Día de los Muertos is one of the most popular and well-known cultural events in the Mexican calendar. Thanks to movies like Pixar’s “Coco,” it’s gained a cross-cultural appeal that has …
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For more information on the Mexican Cultural Center and its opportunities, visit www.mccdenver.org.
Día de los Muertos is one of the most popular and well-known cultural events in the Mexican calendar. Thanks to movies like Pixar’s “Coco,” it’s gained a cross-cultural appeal that has inspired many to learn more about the holiday and culture it celebrates.
Which made it the perfect pairing for the Mexican Cultural Center’s first fundraising event, hosted at the Denver Museum of Nature & Science on Thursday, Oct. 24. The organization is hoping to make the fundraiser an annual event.
“As a nonprofit organization we need to raise the funds to support our year-round programming,” said Ana Valles, executive director of the cultural center. “Also, one of our goals with the event is to get the word out and educate about our culture and traditions. That’s why for MCC’s first fundraiser, we used Día de los Muertos as the example.”
The event featured extravagant altars, silent and live auctions, music, food and tequila samples, all with the aim of inspiring and educating about Día de los Muertos and the work the cultural center does throughout the year. It hosts more than 20 events and three signature programs, and the money raised will allow the center to continue to provide free or low-cost programs to more than 38,000 people.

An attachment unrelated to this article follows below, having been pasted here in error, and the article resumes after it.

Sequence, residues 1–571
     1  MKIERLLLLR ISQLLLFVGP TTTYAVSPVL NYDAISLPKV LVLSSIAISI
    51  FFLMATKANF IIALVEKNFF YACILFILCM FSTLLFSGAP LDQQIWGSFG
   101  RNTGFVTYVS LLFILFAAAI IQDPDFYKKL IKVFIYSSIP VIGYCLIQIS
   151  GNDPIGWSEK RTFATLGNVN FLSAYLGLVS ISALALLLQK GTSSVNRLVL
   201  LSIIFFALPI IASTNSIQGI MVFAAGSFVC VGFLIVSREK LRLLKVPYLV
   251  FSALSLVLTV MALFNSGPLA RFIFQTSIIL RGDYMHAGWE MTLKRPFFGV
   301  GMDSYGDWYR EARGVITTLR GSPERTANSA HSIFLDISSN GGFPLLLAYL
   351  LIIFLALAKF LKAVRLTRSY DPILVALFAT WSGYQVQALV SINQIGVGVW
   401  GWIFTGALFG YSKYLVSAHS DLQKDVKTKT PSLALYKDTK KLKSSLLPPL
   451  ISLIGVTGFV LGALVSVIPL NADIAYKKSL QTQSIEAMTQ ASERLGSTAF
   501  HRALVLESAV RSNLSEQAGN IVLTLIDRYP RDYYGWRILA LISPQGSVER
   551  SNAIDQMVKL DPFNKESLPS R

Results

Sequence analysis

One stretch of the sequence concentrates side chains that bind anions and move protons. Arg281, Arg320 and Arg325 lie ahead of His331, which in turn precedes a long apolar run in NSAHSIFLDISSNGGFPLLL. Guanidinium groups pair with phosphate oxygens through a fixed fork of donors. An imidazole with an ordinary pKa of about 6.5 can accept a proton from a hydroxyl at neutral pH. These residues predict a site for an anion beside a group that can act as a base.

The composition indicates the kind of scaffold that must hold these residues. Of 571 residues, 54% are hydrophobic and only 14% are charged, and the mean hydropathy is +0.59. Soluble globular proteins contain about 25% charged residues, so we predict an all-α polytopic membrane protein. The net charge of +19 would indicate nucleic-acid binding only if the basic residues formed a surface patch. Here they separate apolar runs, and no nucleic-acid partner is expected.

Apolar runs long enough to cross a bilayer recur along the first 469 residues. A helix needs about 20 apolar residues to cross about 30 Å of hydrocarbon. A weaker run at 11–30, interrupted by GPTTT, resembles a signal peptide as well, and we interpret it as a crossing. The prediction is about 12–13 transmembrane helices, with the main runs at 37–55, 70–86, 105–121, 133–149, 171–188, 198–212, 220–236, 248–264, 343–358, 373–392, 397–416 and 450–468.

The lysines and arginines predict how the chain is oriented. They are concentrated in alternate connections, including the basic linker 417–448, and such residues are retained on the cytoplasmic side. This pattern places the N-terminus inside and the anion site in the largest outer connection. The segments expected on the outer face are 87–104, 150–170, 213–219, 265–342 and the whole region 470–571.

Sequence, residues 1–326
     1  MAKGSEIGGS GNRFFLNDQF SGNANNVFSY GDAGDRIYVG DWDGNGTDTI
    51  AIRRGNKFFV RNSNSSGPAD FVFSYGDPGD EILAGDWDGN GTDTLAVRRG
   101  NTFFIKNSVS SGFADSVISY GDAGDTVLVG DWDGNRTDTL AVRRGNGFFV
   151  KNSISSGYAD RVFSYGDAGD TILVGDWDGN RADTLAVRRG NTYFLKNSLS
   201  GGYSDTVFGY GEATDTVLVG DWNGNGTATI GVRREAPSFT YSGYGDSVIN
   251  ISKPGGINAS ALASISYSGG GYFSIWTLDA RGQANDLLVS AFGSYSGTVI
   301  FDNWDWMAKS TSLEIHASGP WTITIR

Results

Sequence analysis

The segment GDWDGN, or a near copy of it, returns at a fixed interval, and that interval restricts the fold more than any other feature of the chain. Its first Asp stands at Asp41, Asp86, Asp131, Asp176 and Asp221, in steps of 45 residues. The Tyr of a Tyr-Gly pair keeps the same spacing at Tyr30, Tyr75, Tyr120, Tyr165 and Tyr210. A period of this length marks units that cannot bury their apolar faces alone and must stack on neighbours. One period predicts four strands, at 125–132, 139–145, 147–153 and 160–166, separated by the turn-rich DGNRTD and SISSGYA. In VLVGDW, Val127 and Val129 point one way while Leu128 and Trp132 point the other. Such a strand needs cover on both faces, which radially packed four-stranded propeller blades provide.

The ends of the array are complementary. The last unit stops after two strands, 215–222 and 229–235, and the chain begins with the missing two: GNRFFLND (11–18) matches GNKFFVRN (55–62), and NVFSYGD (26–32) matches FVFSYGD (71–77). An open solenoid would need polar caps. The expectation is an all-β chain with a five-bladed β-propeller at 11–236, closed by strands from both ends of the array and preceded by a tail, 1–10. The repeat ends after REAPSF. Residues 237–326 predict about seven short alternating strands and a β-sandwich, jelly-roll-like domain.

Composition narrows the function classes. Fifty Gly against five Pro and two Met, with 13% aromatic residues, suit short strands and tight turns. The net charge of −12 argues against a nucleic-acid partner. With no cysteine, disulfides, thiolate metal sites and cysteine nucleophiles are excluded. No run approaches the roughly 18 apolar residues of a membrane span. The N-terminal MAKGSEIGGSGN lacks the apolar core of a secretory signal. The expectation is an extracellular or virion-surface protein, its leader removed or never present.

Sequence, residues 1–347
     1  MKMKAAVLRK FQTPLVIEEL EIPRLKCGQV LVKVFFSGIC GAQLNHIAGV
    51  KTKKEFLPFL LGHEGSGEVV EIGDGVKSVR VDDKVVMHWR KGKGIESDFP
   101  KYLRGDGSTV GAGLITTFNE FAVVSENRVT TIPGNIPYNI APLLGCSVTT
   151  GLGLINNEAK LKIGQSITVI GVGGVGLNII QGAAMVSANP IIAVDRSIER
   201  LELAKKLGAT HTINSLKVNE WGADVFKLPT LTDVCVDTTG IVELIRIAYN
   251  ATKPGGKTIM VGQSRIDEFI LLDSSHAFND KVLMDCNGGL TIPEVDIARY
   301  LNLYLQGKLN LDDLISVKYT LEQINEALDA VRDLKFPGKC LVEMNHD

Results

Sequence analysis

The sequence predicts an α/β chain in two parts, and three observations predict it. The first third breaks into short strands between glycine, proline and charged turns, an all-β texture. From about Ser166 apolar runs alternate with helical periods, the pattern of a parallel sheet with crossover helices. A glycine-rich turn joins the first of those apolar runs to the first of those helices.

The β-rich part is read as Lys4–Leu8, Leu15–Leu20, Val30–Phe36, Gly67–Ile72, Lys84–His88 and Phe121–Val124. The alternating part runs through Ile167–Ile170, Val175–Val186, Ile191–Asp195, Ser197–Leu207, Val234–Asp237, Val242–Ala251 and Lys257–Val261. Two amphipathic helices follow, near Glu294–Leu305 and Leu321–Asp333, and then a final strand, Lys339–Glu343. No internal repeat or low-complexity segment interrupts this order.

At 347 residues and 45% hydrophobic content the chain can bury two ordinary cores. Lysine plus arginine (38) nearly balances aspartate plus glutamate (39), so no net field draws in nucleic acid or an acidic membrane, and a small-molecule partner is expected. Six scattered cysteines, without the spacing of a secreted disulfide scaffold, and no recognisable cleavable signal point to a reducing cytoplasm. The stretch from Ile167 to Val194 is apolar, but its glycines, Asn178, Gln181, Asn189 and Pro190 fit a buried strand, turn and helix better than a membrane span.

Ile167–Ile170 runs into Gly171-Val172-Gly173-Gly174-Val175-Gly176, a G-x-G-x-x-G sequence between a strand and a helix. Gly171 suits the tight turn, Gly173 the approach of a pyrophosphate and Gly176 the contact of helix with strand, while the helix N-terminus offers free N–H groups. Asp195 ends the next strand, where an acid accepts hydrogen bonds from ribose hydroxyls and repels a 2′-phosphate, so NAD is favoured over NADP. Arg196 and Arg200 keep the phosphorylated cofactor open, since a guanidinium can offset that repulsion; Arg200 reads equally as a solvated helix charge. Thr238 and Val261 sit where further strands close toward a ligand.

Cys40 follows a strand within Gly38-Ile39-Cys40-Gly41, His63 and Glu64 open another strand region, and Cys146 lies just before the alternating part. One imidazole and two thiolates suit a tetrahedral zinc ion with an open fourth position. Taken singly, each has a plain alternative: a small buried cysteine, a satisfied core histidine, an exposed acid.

“We do events all over the state and partner with all kinds of other cultural organizations,” explained Rachel Garcia, vice chair of the cultural center’s board. “We thought the event was a great way to build a bridge to other cultures.”
Día de los Muertos’ roots go back to ancient culture like the Aztecs and Maya, and has grown and developed over the years as Spain’s Catholicism was introduced to the population of Mexico and Latin America. It’s a day to honor lost loved ones with marigolds, offerings for the dead, sugar skulls and more.
The sold-out event was attended by people of all ages, including supporters of the cultural center, partner organizations, sponsors and those eager to learn more about Mexican culture and Día de los Muertos.
“This is a great experience for building cultural awareness and understanding its history,” said Roger Cobb, community development representative with the City of Denver’s economic development and opportunity department. “Compassion and sensitivity are so important, especially when you think about what’s happening in the world.”
That worldwide perspective makes the work the cultural center does all the more necessary, explained Valles.
“The continued growth of the Latino population in Colorado and in the United States underscores the need to build understanding and cultural awareness among Latinos and non-Latinos,” she said. “For non-Latinos, it is imperative that we promote the many contributions of Latinos in the U.S. and specifically in Colorado as the means for building understanding and appreciation for the migration of Mexicanos and other Latinos across the Americas.”
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